Karl@HotAir throws some more smoke bombs…

…claiming that charges of “bigotry” in the “anti-mosque” movement is an “hysterical” fantasy of “the left,” an effort merely to defame “all” opponents of Park51/Cordoba House/Ground Zero 911 Victory pro-Osama pro-Obama All-Desecrating Mega-Super-Duper-Auschwitz Pearl Harbor Totalitarian Mosque Mosque Mosque Mosque Mosque…

Hilarity ensues.


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33 comments on “Karl@HotAir throws some more smoke bombs…

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  1. @ Rex Caruthers:
    Not a conservative. The closest we’ve seen, that I’m aware of, to any major conservatives disavowing the anti-mosquers has been Chris Christie playing “the middle against both sides,” Michael Gerson (moving into the lower tiers) validating Obama’s statement, and a handful of more minor figures, mainly ones already mistrusted in TrueConservative-land.

    I haven’t been following Glenn Beck – and I’m assuming that if he’d made a pro-Rauf statement I’d have heard and heard and heard about it – but I think it might be a brilliant move for him to come out in favor. I’m not expecting it in the least, but most of his audience would stay with him and even thank him, and it would poleaxe and cross-eye his usual attackers. Ditto for Dick Cheney. A lot of people have been musing about W making a statement similar to the ones he used to deliver regularly when Prez.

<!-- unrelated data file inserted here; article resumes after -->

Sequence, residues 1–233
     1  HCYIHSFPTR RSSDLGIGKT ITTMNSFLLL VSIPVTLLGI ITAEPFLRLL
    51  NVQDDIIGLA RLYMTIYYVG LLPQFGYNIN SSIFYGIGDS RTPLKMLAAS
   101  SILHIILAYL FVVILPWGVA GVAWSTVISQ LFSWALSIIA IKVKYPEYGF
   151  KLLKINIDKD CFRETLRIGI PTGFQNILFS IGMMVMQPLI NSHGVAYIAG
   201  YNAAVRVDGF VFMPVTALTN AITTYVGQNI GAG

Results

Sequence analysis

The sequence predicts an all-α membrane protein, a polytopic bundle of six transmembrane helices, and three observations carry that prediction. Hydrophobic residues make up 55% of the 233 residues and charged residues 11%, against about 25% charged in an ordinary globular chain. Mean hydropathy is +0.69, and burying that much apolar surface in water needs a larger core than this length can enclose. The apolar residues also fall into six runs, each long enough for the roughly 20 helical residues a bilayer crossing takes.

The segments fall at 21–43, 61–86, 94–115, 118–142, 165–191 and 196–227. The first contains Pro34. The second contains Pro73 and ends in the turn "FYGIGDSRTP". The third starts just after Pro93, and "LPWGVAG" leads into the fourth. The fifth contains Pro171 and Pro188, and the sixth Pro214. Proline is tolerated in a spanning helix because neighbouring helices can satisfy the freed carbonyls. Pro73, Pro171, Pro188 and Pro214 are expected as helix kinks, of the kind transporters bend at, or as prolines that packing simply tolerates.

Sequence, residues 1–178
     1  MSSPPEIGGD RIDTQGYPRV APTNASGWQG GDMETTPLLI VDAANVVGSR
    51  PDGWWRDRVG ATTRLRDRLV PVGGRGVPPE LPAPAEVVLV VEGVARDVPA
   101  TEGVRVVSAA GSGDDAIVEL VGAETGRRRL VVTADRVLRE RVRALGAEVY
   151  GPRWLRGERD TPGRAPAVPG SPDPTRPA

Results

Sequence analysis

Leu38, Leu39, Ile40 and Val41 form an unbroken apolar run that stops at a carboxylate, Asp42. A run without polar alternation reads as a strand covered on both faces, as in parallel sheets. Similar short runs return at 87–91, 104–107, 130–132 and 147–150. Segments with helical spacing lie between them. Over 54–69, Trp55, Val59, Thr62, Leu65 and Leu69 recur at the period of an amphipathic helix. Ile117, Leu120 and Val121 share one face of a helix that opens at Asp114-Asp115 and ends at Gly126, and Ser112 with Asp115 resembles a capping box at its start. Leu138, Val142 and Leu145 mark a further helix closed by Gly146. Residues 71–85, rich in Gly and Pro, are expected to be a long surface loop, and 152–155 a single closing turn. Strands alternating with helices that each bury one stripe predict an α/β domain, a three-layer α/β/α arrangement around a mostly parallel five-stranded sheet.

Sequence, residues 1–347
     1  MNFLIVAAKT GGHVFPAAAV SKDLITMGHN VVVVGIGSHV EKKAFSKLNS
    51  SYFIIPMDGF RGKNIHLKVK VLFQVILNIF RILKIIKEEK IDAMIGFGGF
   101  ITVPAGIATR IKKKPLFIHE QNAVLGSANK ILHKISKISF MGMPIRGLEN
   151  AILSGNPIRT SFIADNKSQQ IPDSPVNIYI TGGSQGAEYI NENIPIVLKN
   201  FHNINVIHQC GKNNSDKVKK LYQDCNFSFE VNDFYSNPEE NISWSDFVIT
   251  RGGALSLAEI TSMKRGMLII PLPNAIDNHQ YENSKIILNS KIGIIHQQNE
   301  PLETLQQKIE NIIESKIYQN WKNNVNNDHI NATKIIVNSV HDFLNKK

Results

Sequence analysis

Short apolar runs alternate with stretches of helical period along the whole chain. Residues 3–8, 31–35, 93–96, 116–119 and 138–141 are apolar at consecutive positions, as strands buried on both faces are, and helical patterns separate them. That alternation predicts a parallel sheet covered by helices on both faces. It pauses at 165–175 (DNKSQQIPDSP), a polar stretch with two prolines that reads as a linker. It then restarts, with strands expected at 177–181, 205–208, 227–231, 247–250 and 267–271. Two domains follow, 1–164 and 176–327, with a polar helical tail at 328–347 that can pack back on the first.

2. No, Colin after surveying all the players, Beck came out against. It’s
    remarkable really you chose not to consider any evidence of at best, Imam Rauf’s insensitivity, at worst active complicity with Wahhabi/
    Deobandi elements which have an annoying habit of reoccurring. Newt and hyperbolic,

  3. miguel cervantes wrote:

    any evidence of at best, Imam Rauf’s insensitivity,

    I’ve considered, and considered, and considered it. I’ve also considered the evidence of, at best, mistaken attacks on Rauf. I’ve yet to see a single apology from his character assassins – including you – for false and misleading statements. I’ve yet to see one of them offer an appreciation for his numerous positive, Islam-reforming or terrorist-denying statements and gestures.

    I don’t care if he’s flirted with Wahhabis and the others on your enemies list. I think it would be great to have someone who has done so and emerged better-informed and unshaken in the (trans-)national dialogue, and capable of transmitting messages and influence back the other way, too. Too bad if we’re not ready for it. Frightening to think we might not ever be. I approve of his statement about 9/11, and have explained why at length. I approve of his refusal to say the words you want him to say about Hamas. I think it’s terrific that people have been exposed to both of those statements over and over again. By next year at this time, it may even be possible to have an adult discussion about them, about Sharia, about Sufism, about a lot of other things. I’m not counting on it, but apparently this all had to be gone through sooner or later.

  4. CK MacLeod wrote:

    I haven’t been following Glenn Beck – and I’m assuming that if he’d made a pro-Rauf statement I’d have heard and heard and heard about it – but I think it might be a brilliant move for him to come out in favor

    interesting thought. is there a list of Beck’s five most brilliant moves to date?